The Lawyer’s new China Elite report contains the most detailed research available on the PRC legal market and contains unparalleled insight into the country's leading law firms. They vary in size, practice focus and geographic coverage, but they all share one common quality – ambition... Read more
This year, The Lawyer’s annual ranking of the largest UK law firms by turnover is available as an interactive, digital benchmarking tool. For the first time this will allow you to manipulate each data set against the metrics of your choice.
A law in Spain which requires foreign plaintiffs to give a financial guarantee to cover costs and lawyers' fees prior to the conclusion of civil proceedings is to become the focus of a legal battle at the European Court of Justice.
The European Commission has referred Madrid to the ECJ, which has the power to order the Spanish government to abolish the practice. If it refuses, European judges can impose huge fines.
Spanish citizens are not subject to the requirement - known as cautio iudicatum solvi - that can be insisted upon under the Spanish code for civil proceedings.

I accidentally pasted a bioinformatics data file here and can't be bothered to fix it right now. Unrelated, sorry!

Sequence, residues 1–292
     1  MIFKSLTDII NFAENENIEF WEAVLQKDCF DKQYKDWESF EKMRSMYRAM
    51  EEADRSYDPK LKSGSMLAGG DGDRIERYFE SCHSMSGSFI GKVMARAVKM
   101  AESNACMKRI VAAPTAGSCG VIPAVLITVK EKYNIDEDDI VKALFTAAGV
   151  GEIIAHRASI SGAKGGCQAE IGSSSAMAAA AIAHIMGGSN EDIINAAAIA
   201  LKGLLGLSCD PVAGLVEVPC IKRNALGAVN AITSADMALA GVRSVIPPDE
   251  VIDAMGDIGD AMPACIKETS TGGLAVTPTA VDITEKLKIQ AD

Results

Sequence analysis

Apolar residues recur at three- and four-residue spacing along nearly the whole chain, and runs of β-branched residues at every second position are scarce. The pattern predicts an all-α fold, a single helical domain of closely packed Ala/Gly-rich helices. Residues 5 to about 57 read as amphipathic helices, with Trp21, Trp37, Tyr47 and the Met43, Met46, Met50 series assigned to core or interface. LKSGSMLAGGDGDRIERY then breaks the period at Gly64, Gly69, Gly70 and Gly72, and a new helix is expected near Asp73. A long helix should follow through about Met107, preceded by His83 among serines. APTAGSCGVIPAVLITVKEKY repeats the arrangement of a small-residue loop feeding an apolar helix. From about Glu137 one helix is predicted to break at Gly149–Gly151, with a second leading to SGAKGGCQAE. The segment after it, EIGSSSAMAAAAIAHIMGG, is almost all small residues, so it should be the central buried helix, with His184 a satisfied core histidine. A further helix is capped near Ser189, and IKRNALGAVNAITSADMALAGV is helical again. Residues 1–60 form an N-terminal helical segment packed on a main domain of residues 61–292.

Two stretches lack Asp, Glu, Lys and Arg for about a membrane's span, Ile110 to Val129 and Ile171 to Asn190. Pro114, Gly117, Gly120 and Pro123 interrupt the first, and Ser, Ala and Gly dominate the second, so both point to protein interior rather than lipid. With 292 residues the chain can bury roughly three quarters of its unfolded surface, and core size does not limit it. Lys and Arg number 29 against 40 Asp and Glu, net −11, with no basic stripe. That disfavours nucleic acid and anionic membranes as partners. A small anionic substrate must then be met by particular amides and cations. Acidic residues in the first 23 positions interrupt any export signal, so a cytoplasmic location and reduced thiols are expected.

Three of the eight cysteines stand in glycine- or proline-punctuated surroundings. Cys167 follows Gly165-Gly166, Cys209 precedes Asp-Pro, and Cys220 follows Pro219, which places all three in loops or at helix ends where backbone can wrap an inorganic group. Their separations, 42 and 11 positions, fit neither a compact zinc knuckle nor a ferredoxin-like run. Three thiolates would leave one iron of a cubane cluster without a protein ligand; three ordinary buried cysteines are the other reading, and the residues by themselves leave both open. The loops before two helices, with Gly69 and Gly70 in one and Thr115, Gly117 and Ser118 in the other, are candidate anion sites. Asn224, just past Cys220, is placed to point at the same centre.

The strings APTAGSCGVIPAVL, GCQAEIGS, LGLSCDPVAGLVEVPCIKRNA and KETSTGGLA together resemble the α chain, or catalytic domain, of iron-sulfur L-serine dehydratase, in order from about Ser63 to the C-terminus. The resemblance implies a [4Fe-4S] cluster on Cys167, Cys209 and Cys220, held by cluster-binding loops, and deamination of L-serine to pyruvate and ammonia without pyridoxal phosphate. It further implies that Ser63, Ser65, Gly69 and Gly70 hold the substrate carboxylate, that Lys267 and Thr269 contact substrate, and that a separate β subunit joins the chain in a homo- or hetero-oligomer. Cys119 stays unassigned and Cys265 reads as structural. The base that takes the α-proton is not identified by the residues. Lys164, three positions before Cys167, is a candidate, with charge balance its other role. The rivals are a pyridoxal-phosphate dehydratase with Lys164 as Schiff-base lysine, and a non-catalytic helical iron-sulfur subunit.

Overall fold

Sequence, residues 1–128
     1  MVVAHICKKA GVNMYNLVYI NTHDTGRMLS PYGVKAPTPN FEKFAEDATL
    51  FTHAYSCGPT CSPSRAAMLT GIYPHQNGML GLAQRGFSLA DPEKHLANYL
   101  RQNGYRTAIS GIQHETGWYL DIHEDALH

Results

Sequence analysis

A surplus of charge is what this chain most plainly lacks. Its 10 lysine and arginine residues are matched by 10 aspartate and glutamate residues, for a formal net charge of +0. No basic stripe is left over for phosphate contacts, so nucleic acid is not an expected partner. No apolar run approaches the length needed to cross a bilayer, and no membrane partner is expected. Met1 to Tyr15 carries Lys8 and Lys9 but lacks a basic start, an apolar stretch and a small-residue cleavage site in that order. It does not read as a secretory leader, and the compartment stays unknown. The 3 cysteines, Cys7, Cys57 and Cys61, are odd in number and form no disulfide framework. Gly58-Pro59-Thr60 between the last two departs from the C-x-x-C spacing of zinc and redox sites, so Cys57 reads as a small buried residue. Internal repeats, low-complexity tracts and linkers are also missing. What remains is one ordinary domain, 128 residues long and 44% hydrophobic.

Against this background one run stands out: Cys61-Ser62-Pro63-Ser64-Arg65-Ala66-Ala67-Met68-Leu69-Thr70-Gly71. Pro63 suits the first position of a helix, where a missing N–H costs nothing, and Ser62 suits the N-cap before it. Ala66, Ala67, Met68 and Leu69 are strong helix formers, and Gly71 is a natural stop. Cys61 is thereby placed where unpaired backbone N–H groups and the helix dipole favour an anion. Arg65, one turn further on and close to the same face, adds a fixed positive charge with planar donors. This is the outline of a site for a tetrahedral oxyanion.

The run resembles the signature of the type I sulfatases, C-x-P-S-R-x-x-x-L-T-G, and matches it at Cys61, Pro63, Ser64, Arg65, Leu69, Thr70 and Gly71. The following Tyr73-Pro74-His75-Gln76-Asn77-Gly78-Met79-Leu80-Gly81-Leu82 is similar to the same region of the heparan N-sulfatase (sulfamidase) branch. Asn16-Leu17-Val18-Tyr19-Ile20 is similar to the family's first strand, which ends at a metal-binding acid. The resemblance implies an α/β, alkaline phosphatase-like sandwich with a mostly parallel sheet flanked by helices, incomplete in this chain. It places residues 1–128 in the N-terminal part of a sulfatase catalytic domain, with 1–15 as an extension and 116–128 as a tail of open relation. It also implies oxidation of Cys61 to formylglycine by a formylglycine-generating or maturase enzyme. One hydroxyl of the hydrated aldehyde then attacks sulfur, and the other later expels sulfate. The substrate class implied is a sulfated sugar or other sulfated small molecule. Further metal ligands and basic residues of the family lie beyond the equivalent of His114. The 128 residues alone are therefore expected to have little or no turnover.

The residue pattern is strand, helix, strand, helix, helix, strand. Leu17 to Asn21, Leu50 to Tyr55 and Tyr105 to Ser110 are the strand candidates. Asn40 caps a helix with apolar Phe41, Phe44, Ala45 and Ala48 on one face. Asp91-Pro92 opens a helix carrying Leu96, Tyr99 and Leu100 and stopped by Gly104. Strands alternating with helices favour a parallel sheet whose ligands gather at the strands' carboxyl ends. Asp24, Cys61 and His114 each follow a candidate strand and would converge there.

The commission claims that the cautio iudicatum solvi breaks EU laws, in that it is "a barrier to the free movement of services, in breach of Article 59 of the EC Treaty".
It has a legal precedent to follow - Anthony Hubbard v Peter Hamburger - which also found against the imposition of a cautio iudicatum solvi only against EU citizens or firms and not a country's own nationals.
Brussels also considers that the requirement violated the EU Treaty ban on discrimination on grounds of nationality (Article 6).
Spain has informed the commission that a new law on civil proceedings presented to the Spanish Parliament last November will suppress the financial guarantee requirement in question, but the new law has not yet been adopted.